Director Jennifer DeLia Responds to Criticism of the 'Not-So-Conventional' PHOENIX in New Essay

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Director Jennifer DeLia Responds to Criticism of the 'Not-So-Conventional' PHOENIX in New Essay

Scott Organ's dark romantic comedy Phoenix, directed by Jennifer DeLia and starring Emmy and Golden Globe Award nominee Julia Stiles and James Wirt is currently playing a limited engagement through Saturday, August 23 at the Cherry Lane Theatre - and DeLia has penned a new essay defending the unconventional piece and the creative team's artistic choices.

The full essay reads:

"Phoenix the play by Scott Organ is one that truly brings out the absurdity of life's interactions by opening the play with Sue meeting Bruce, per her request for a second date.

She tells him she had a great time with him on their first encounter four weeks earlier as they then engage in banter that's fun and flirtatious, to be followed by her "bearing in mind all that I said, I can't see you anymore." This could easily be perceived as incredibly manipulative, especially as she tries to run away before letting him know that she is carrying his baby as a result of their "bestest-not-quite-date-ever" aka one-night stand.

We, as the artists, decided not to run away from the off-the-bat absurd nature of the first scene. If the interaction between Sue and Bruce feels awkward, that's because it is. No one breaks up with someone after just one "not-even-date" unless they're extremely imbalanced. What we found lovely and endearing about this play is that there is real human emotion underneath the words and also a lightness that we can interpret as a way to say "let's not take ourselves so seriously all the time."

To me, art is about exploration and experience. I feel that all humans, whether they want to admit it or not, relate to saying one thing but then behaving the opposite. We all go through periods of uncertainty and unintentional emotional manipulation. We could have easily just had two people sitting and talking throughout our play but instead decided to create a sort of playground for these two highly-sensitive individuals to explore within. These individuals are Sue and Bruce, the characters, but also Julia and James, the actors. We made choices which were 1 - let's keep the show on its feet when and where we can so that when there's stillness, there's real impact (as nerves in life are true & we are not always still when we interact and if we are, we don't always want to be); 2 - let's allow the environment to be slightly abstract rather than spoon fed; and 3 - let's make it as emotionally authentic as possible. Audiences seem to love and to be grateful for those 3 choices given their realization that without those choices, it would be two people sitting at tables having extremely absurd conversations for 80 min.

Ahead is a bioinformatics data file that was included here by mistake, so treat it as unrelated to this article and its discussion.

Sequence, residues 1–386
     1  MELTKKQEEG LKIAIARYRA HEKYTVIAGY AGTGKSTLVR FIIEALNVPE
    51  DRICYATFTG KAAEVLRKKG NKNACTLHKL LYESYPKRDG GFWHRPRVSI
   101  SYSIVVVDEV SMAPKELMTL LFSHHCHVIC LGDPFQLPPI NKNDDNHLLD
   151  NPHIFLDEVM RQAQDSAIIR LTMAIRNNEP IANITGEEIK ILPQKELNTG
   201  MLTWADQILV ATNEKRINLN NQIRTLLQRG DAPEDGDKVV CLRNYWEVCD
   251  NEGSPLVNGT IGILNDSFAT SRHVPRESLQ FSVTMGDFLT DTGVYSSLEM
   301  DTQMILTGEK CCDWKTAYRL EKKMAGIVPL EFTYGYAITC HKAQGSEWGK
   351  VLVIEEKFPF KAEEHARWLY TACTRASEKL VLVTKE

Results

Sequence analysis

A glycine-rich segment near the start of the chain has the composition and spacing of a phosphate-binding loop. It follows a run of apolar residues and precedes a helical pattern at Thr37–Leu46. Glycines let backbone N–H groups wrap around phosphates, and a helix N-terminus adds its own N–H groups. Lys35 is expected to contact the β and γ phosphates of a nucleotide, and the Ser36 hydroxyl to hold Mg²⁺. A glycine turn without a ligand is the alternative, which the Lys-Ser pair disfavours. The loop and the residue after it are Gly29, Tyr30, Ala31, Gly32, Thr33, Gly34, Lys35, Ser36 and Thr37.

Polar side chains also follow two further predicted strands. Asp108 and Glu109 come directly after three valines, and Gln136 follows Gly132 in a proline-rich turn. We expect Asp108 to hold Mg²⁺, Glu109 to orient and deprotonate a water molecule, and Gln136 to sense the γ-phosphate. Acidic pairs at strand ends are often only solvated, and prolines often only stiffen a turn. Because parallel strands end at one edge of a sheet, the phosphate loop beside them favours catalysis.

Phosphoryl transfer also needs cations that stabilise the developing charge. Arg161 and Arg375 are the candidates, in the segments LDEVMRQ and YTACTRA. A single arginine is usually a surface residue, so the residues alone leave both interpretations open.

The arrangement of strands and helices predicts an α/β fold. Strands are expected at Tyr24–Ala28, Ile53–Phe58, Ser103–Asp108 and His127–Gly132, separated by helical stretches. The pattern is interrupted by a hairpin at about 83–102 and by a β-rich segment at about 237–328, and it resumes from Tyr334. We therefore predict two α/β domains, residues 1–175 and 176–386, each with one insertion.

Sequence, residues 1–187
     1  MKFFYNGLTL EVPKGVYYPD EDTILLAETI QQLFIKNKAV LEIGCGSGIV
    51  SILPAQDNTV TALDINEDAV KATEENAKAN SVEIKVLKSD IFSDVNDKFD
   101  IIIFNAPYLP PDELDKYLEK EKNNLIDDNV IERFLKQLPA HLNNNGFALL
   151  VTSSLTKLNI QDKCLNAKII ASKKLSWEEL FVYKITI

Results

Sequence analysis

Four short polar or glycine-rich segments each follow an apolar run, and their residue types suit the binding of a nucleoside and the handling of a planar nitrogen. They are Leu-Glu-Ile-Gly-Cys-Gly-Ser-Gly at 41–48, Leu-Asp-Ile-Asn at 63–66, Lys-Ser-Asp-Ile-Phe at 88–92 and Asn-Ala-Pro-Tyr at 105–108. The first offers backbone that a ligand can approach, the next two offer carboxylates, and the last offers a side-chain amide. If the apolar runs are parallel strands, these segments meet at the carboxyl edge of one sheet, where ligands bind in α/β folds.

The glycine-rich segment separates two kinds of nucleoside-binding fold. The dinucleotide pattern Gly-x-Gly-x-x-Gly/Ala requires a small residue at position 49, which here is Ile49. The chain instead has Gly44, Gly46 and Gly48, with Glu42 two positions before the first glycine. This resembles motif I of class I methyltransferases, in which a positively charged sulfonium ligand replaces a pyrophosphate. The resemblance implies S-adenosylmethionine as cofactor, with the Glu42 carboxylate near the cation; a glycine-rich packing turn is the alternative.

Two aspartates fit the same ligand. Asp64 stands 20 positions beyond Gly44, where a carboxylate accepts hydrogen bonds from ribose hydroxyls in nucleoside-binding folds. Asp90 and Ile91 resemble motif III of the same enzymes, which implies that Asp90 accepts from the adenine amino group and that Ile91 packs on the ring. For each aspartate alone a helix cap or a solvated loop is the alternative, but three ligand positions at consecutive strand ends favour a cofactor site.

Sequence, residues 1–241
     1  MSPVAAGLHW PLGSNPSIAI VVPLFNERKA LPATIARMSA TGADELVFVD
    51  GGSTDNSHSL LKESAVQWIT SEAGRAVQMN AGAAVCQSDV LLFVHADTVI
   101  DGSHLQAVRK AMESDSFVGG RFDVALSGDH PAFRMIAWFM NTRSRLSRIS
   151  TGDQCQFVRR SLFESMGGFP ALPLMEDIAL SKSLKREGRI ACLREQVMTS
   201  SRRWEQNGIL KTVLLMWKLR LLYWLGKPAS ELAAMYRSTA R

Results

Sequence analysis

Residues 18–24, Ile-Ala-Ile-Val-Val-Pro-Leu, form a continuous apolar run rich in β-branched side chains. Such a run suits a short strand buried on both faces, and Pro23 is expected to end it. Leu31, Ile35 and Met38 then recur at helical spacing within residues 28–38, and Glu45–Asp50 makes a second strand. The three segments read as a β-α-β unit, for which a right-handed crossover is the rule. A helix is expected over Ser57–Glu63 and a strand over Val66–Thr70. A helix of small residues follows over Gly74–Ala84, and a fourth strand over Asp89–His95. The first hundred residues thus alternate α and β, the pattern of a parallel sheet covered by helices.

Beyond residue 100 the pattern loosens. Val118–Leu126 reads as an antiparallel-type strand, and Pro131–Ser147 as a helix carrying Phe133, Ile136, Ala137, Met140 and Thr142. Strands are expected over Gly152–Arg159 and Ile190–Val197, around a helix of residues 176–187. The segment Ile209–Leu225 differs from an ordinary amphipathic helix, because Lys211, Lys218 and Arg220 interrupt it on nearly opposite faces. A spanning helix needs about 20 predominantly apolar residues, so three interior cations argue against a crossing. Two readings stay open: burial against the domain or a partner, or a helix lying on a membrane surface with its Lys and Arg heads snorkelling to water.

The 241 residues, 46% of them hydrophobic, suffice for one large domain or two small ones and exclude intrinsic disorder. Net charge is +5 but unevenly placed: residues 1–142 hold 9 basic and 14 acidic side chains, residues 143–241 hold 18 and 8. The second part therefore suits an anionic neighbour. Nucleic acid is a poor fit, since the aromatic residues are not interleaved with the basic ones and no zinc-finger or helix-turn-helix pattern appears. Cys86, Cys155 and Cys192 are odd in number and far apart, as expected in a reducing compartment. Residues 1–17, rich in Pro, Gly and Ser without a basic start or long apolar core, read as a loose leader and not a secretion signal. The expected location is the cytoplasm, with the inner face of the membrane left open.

There is actual art as the backdrop and the art is intentionally childlike because it's representative of the inner-child and a sort of innocence, as each piece reflects a symbol from the story whether it be the Grand Canyon (representing vastness and letting go of ego) or a portrait of Sue (representing her inner conflict), and so on. These panels tell their own story whether as individual pieces or together as a whole, and that story is what's underneath the words of the text. It's simple, though, it's just really about highlighting the emotions of the characters.